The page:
Skip to content
left end
left end
right end

02 May 2012

First UK patient to take part in new heart failure trial

Clinicians and scientists at the Bristol Heart Institute (BHI) have successfully implanted the first two patients in the UK with a vagal nerve stimulator, as part of a clinical trial designed to discover another treatment option for heart failure patients. 

NECTAR-HF (Neural Cardiac Therapy for Heart Failure) is an international clinical study which will examine whether vagal nerve stimulation can restore autonomic balance and therefore improve heart function and inhibit progression of heart failure. 

The vagus nerve is part of the autonomic nervous system, which controls functions of the body that are not under voluntary control, such as heart rate. It passes through the neck as it travels between the chest and abdomen and the lower part of the brain. 

Dr Angus Nightingale, consultant cardiologist at the BHI who leads the trial, said: 

"Stimulating the vagus nerve is commonly used to treat epilepsy and depression, but may have other significant benefits.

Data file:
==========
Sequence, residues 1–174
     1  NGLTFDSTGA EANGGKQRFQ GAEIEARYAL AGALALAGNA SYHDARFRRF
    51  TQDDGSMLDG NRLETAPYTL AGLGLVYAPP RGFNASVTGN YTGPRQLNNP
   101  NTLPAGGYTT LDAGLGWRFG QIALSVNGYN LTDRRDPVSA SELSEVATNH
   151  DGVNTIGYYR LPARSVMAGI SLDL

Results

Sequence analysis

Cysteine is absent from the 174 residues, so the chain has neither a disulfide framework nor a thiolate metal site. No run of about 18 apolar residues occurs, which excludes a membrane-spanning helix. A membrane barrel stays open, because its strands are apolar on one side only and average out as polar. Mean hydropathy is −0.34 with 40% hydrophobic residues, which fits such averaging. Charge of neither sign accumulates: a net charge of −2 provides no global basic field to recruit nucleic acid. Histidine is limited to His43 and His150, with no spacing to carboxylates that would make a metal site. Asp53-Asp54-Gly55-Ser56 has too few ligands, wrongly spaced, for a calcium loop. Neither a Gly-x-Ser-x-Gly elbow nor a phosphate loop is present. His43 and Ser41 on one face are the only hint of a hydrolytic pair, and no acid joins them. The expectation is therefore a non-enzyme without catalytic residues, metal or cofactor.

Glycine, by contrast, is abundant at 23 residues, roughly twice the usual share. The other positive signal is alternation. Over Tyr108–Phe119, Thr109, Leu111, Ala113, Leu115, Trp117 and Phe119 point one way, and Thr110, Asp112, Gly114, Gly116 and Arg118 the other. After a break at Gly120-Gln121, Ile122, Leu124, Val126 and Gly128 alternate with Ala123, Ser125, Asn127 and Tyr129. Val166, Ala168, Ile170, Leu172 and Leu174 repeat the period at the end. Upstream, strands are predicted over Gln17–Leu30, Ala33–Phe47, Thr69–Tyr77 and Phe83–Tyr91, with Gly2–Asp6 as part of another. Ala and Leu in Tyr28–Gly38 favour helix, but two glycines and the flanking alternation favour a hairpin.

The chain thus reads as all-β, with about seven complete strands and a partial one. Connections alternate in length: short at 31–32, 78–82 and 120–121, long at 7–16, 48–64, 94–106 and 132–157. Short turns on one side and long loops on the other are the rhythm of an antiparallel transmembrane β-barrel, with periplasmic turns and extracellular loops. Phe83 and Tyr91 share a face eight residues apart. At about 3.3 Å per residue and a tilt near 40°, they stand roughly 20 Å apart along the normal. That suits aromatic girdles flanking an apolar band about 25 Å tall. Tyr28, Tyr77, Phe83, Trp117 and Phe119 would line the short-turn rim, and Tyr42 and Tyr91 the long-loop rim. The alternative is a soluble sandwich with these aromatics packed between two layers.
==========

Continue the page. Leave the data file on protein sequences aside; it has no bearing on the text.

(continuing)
"The device goes under the skin in the chest and is then attached to the vagus nerve in the neck under general anaesthetic. The device is like a pacemaker and when switched on it stimulates the nerve.  

"The idea behind this is that chronic autonomic imbalance is believed to be a risk factor of the progression of heart failure and adverse cardiovascular events. The stimulation should alter the balance of the system and improve cardiac function." 

The study, sponsored by Boston Scientific Corporation, will evaluate 96 patients with vagal nerve stimulator implants at 25 sites across Europe. For the first six months two in three participants will have the vagal nerve stimulator turned on. After six months everyone on the trial will have their implant turned on. The Trust is hoping to recruit five to ten patients over the next year. 

Bristol was the first UK site to implant this type of device for heart failure and the third site worldwide. The research team brings together experts from the Bristol Heart Institute Cardiology Department and basic scientists from the University of Bristol to offer cutting edge technologies to patients in the South West with heart failure. 

Over a million adults in the UK suffer from heart failure and new treatments are needed to improve patients' symptoms and improve life expectancy.